Stellar evolution has perplexed scientists for years. Stars which are essentially inanimate objects mimic life in the sense that they grow and have phases, as well. Here is a breakdown of that process:
- Stars form in Giant Molecular Clouds (GMCs), which are clouds of dust and gas containing hydrogen and other elements at a meager temperature of 10 K. In these conditions, gravity is opposed by the random motion of the particles, which prevents the GMCs from collapsing in on itself.
- The Jean Criterion dictates the point at which the gas cloud collapses.
- When a cloud cluster has sufficient mass as dictated by the Jean Criterion, it collapses and emits infrared radiation.
- All the gas in the cloud is used up and a new star known as a protostar is formed.
- Energy is released from the nuclear fusion of two hydrogen nuclei, making one Helium atom. This process is known as the proton-proton cycle. The mass defect (mass of reactants – mass of products) is converted to energy. (26.7 MeV)
- The outward radiation pressure from the protostar is balanced by its gravity, and now the star lies on the stable main sequence in the Hertzsprung Russell diagram.
- It remains a main sequence star. Factors that determine the time period for which it remains a main sequence star include
- How much hydrogen the star contains
- The rate at which hydrogen is used up
- Helium produced by the nuclear fusion reaction sinks to the core.
- Eventually, the pressure and temperature are not conducive, so the fusion process slows down.
- The star begins to collapse, which in-turn increases the core temperature. This heats the outer layers of the star, causing it to expand.
- The star has now become a Red Giant, and so it lies in the top right-hand corner of the HR diagram. It is extremely luminous, but its temperature is really low.
- The evolution of the star after this phase depends on its mass:
For Sun-Sized stars < 4 × Mass of Sun:
- According to the Pauli Exclusion Principle, electrons cannot have the same quantum numbers. So, as the star collapses, at one point, the electrons cannot come any closer due to electron degeneracy. As a result, the core gets hotter and hotter, but it cannot compress any further. This results in the maximum density of the core.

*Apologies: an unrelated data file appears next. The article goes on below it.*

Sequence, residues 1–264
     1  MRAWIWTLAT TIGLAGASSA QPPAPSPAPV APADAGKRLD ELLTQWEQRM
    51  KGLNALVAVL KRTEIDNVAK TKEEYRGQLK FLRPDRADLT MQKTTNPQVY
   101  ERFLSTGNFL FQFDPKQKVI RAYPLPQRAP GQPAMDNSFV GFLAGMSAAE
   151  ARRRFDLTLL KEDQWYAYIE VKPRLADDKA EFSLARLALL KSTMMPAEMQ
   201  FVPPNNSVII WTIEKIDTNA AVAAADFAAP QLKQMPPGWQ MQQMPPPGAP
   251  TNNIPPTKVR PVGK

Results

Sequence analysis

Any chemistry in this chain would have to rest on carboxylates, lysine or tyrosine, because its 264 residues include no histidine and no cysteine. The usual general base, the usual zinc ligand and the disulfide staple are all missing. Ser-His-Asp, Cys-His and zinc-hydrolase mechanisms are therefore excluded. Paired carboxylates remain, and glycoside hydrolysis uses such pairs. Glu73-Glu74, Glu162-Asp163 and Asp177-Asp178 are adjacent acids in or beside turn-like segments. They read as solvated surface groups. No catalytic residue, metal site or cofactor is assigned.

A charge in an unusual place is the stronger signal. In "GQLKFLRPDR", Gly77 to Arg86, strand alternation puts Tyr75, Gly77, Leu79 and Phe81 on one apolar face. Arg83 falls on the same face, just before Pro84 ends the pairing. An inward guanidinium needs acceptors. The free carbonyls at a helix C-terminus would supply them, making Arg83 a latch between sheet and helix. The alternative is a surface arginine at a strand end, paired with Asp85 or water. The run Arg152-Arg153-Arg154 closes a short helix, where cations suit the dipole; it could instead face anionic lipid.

- The helium in the core fuses to form beryllium, which in-turn reacts with hydrogen to form carbon. Carbon then fuses to form oxygen. The production of these three elements is known as the triple-alpha process.
- The outer layers of the red giant are far from its core, and so any increased activity causes these parts to blow away. This happens over a short period of time, and the core does not produce energy, causing it to contract again. The electron degeneracy prevents it from collapsing any further. Now, the star has become a white dwarf. (Electron Degeneracy sets a limit on how small a white dwarf can be. This is known as the Chandrasekhar limit, and it is 1.4 × Mass of the Sun.)
- If the system is a binary system, in which case there will be two stars, the two bodies attract matter from each other. As a result, their mass exceeds the Chandrasekhar limit, and so electron degeneracy doesn’t limit to what extent they collapse. Consequently, the heavier elements continue to fuse. This results in a Type 1a Supernova, which has a luminosity of 10000000000 times that of the Sun.
For Sun-Sized stars < 4 × Mass of Sun:
- Fusion of heavier elements continues and these sink to the core of the star. Iron is produced, and iron fuses to form even heavier elements. However, this takes up energy, unlike most nuclear fusions.
- The core collapses, as there is no energy production. The temperature is continually increasing, as well.
- Iron undergoes nuclear fission, and this reduces the outward pressure. Thus, gravity overpowers and causes the core to collapse in on itself.
- As the mass is much greater than the Chandrasekhar limit, there is no limit to electron degeneracy. So, the protons combine to form neutrons.
- The core contains only neutrons, but Pauli Exclusion Principle also applies to the neutrons. Consequently, they collapse until reaching neutron degeneracy. This takes about 0.25 seconds and creates a gap between the core and the outer layer.
- When the outer layer falls into the gap, the temperature increases rapidly, and there is a huge explosion. This process is known as a Type II Supernova. The end product of this process is a neutron star.
For Main sequence star > 20 × Mass of Sun
- These stars follow steps 1 to 6 (from above), however neutron degeneracy doesn’t limit them because the stars are so massive and have a core that is greater than the Oppenheimer -Volkhoff limit (3 × Mass of Sun) So, the star continues to collapse to a point, which is known as a singularity.
- A black hole is formed.